New Book Reviewing all the Court Documents of Child Abuse that Occurred in the 80s and 90s

What do you mean by “Witch-Hunt” in the title of your book?

The witch-hunt narrative is a really popular story that goes like this: Lots of people were falsely convicted of child sexual abuse in the 1980s and early 1990s. And they were all victims of a witch-hunt. It just doesn’t happen to line up with the facts when you actually look at the cases themselves in detail. But it’s a really popular narrative – I think it’s absolutely fair to say that’s the conventional wisdom. It’s what most people now think is the uncontested truth, and those cases had no basis in fact. And what 15 years of painstaking trial court research (says) is that that’s not a very fair description of those cases, and in fact many of those cases had substantial evidence of abuse. The witch-hunt narrative is that these were all gross injustices to the defendant. In fact, what it looks like in retrospect is the injustices were much more often to children.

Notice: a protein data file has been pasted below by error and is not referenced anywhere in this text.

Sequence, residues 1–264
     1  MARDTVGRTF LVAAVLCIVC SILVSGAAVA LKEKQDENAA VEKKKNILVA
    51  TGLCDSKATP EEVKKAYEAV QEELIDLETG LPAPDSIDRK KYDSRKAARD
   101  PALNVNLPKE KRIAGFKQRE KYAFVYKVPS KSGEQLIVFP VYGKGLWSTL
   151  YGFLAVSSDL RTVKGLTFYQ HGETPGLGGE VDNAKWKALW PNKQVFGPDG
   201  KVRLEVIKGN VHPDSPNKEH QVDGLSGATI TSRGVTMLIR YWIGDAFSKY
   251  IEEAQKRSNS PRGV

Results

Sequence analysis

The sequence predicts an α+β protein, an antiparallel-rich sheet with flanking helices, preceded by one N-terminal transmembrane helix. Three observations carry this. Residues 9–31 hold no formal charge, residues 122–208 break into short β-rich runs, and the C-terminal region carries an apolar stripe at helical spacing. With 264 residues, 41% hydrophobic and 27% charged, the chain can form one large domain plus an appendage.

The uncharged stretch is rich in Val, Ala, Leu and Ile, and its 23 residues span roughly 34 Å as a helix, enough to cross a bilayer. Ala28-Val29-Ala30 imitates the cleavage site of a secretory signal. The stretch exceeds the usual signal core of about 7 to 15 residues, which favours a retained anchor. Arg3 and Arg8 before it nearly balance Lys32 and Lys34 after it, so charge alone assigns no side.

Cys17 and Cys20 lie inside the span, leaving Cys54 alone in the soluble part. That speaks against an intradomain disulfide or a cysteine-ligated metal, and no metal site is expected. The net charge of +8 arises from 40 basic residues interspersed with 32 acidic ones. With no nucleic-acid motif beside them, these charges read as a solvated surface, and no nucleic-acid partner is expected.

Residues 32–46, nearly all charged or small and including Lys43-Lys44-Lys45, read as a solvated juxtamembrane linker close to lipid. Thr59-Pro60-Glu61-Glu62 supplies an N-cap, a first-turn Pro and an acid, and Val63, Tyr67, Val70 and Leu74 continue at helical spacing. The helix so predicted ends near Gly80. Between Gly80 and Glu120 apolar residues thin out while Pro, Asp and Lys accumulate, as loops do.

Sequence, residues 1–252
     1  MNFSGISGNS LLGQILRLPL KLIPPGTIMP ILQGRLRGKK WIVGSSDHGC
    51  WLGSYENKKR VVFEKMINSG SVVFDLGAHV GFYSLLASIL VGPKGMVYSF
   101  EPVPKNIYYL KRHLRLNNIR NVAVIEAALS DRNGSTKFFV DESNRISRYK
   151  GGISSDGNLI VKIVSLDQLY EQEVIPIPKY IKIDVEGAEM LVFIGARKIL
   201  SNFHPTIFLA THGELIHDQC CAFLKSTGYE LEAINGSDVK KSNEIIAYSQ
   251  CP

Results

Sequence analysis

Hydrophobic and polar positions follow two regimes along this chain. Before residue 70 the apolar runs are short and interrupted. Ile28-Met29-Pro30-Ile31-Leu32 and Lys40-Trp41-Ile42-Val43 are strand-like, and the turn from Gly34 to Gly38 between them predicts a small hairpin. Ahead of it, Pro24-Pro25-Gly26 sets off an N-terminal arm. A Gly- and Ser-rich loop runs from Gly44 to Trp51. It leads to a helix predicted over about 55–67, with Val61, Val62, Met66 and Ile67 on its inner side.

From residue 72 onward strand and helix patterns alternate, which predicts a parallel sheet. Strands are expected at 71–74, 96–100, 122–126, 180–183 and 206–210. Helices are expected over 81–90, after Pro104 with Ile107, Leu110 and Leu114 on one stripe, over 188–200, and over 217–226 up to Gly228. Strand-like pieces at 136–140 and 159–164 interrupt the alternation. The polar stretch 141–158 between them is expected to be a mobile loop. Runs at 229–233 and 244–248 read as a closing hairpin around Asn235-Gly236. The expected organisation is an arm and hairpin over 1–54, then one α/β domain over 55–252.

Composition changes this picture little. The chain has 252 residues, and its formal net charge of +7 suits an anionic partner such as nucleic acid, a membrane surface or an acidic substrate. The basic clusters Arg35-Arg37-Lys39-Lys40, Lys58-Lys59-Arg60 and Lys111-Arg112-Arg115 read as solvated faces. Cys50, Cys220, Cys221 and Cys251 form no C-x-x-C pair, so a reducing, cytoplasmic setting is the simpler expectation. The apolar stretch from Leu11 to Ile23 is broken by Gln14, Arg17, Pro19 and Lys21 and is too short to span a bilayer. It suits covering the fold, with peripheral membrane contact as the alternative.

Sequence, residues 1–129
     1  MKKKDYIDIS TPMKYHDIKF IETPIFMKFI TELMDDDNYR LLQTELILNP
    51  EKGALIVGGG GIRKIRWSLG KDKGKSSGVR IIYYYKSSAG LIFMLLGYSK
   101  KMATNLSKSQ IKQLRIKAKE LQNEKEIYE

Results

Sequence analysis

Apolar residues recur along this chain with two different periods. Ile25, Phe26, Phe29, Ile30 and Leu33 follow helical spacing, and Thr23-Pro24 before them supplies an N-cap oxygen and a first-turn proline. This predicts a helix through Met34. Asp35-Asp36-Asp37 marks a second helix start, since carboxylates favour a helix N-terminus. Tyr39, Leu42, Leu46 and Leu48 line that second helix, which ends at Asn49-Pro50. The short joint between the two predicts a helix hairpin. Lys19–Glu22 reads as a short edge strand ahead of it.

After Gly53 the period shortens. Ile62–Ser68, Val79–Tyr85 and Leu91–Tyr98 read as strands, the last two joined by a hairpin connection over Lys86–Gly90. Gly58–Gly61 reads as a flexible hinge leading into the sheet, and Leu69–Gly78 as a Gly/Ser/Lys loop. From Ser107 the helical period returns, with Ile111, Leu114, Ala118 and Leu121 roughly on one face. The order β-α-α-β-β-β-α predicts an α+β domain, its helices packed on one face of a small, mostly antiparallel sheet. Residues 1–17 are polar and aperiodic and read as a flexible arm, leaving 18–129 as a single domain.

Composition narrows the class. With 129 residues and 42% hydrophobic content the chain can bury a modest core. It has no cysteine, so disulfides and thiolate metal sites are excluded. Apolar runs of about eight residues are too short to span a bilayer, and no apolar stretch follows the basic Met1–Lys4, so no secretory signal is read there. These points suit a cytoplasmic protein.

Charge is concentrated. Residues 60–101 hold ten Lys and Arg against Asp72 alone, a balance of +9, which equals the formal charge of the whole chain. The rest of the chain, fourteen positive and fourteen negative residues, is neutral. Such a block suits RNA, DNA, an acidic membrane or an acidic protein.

Ross Cheit, professor of public policy and political science, will discuss the 15-year process of compiling his new book, “The Witch-Hunt Narrative: Politics, Psychology and the Sexual Abuse of Children” in a talk Thursday at the Taubman Center for Public Policy and American Institutions. Cheit sat down with The Herald to discuss the release of his book, the methods and challenges of trial court research and how the collective efforts of Brown undergraduates helped him compile his publication.

Comments are closed.